Poster Title

Mountain Top Removal VS Birth Defects

Grade Level at Time of Presentation

Secondary School

Institution

Project Lead The Way - Kentucky

KY House District #

95

KY Senate District #

29

Abstract

Even with today’s medical and technological advances, birth defects still occur on a day to day basis. Within the United States, birth defects affect 1 in every 33 babies. The most common birth defects include heart defects, spina bifida, cleft palate, clubfoot, and congenital dislocated hip. However, the health impacts on people living in the areas affected my mountaintop removal begin even before birth. Children born in counties home to mountaintop mining are 24 percent more likely to have birth defects. The air contaminants released by mountaintop removal are known to impair fetal development, particularly in the circulatory/respiratory, central nervous, musculoskeletal, gastrointestinal, urogenital, and “other” systems. This is particularly seen in the Appalachian region, including the states of Kentucky, Tennessee, Virginia, and West Virginia. In this investigation, an evaluation of previously performed studies will be used to assess the correlation between birth defects in the Appalachian Region and mountaintop removal. In areas surrounding mountaintop removal projects, birth defects tend to occur more often as contaminants released throughout the project harm the systems in the human body more so than that of other areas. In our study, various sources, such as figures and articles, will be utilized to draw conclusions and propose solutions to this problem. Upon finishing this study, further research and consideration should become a priority to doctors, researchers, and government officials in the Appalachian Regions in order to work on solutions to diminish the rates at which birth defects occur.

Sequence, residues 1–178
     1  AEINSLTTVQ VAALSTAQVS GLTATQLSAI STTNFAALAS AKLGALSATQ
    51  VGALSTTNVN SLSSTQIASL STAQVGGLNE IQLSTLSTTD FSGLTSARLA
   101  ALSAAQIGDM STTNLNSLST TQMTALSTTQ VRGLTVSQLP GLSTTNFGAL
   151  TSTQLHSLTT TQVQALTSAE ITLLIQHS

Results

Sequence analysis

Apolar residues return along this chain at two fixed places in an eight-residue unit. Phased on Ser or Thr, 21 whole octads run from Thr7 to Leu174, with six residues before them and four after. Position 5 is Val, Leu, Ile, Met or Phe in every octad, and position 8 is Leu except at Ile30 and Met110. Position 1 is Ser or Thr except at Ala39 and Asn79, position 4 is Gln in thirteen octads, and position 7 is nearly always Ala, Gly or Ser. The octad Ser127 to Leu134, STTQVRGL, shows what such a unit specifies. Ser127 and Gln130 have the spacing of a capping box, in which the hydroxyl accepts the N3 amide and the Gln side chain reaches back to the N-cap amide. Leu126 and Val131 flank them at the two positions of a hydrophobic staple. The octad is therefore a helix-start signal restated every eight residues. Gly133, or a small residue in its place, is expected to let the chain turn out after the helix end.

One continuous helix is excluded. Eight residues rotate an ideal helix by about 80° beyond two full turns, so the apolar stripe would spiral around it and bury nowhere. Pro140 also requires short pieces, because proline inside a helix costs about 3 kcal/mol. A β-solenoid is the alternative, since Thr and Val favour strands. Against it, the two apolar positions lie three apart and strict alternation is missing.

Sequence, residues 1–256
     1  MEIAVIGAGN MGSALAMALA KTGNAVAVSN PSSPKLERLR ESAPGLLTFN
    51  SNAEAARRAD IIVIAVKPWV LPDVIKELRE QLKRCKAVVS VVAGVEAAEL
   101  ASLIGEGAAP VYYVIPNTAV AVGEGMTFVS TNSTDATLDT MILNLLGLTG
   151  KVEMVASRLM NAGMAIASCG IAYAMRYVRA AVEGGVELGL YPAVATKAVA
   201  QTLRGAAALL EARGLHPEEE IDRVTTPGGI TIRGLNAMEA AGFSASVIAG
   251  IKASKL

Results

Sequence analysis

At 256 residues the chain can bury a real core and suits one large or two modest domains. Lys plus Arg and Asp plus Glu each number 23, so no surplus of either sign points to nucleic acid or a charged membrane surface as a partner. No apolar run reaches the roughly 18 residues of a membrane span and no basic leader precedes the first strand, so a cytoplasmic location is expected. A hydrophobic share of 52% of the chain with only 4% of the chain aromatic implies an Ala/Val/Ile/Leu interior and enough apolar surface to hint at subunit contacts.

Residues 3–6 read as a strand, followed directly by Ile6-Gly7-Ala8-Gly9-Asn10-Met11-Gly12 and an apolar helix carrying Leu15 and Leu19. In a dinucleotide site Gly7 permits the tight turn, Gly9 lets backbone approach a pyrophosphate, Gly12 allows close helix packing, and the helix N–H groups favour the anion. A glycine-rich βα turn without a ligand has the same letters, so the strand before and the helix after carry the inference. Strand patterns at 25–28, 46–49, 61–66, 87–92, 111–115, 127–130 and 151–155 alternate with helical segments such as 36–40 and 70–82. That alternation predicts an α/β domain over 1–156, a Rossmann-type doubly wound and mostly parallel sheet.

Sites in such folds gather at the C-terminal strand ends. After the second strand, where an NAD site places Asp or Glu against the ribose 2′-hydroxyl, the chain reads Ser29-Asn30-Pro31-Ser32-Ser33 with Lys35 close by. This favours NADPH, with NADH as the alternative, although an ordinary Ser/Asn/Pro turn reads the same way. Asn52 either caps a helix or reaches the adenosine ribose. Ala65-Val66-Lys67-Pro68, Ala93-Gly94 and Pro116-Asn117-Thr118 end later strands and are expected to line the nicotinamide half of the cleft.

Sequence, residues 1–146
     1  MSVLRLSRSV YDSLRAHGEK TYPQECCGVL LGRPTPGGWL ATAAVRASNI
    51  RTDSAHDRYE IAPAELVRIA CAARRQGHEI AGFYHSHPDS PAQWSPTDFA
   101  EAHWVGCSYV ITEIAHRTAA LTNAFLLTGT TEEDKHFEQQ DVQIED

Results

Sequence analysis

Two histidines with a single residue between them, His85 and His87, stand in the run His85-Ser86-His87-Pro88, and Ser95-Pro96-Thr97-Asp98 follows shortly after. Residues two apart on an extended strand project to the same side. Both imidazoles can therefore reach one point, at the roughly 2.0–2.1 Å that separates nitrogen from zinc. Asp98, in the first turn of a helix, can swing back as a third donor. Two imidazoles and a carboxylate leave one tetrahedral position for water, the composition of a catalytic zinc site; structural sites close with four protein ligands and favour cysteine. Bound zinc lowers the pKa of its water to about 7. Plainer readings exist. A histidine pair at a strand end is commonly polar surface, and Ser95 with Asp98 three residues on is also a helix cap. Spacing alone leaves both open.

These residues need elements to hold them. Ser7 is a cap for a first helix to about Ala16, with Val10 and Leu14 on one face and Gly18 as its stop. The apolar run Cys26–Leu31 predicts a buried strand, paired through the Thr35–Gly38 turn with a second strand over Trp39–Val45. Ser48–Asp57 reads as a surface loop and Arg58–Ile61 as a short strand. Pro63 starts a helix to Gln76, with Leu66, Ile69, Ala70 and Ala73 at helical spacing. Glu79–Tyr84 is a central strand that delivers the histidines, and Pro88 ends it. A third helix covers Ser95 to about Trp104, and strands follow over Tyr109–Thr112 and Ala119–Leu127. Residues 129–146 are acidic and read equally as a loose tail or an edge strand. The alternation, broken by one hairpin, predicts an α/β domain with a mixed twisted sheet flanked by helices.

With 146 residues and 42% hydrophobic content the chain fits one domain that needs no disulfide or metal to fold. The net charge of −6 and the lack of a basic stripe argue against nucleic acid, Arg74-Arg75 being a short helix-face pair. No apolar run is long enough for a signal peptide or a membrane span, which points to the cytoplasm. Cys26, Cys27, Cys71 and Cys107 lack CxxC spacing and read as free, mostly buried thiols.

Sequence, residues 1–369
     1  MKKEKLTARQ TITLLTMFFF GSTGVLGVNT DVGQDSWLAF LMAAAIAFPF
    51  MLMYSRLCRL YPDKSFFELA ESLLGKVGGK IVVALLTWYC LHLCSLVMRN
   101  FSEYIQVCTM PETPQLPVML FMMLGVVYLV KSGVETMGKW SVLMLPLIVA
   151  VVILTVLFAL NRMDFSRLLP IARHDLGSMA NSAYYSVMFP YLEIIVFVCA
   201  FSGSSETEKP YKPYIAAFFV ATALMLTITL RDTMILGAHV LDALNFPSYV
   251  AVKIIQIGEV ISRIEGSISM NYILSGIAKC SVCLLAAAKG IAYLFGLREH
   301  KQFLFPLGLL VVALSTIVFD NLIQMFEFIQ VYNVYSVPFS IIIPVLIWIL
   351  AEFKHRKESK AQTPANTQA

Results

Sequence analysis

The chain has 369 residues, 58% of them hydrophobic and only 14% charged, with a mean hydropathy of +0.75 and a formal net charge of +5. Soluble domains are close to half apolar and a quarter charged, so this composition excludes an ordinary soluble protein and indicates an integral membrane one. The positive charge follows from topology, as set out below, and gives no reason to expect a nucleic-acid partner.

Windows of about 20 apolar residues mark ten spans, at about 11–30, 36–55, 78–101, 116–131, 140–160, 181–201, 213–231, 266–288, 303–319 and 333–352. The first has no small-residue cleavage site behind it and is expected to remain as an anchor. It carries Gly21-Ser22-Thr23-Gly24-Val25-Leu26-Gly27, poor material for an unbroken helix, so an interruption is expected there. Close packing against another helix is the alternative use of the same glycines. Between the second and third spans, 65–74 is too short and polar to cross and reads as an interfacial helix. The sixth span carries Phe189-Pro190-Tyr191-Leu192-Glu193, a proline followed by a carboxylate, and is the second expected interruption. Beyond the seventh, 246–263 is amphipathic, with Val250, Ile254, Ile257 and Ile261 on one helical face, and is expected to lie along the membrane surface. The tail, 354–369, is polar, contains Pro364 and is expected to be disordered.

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Mountain Top Removal VS Birth Defects

Even with today’s medical and technological advances, birth defects still occur on a day to day basis. Within the United States, birth defects affect 1 in every 33 babies. The most common birth defects include heart defects, spina bifida, cleft palate, clubfoot, and congenital dislocated hip. However, the health impacts on people living in the areas affected my mountaintop removal begin even before birth. Children born in counties home to mountaintop mining are 24 percent more likely to have birth defects. The air contaminants released by mountaintop removal are known to impair fetal development, particularly in the circulatory/respiratory, central nervous, musculoskeletal, gastrointestinal, urogenital, and “other” systems. This is particularly seen in the Appalachian region, including the states of Kentucky, Tennessee, Virginia, and West Virginia. In this investigation, an evaluation of previously performed studies will be used to assess the correlation between birth defects in the Appalachian Region and mountaintop removal. In areas surrounding mountaintop removal projects, birth defects tend to occur more often as contaminants released throughout the project harm the systems in the human body more so than that of other areas. In our study, various sources, such as figures and articles, will be utilized to draw conclusions and propose solutions to this problem. Upon finishing this study, further research and consideration should become a priority to doctors, researchers, and government officials in the Appalachian Regions in order to work on solutions to diminish the rates at which birth defects occur.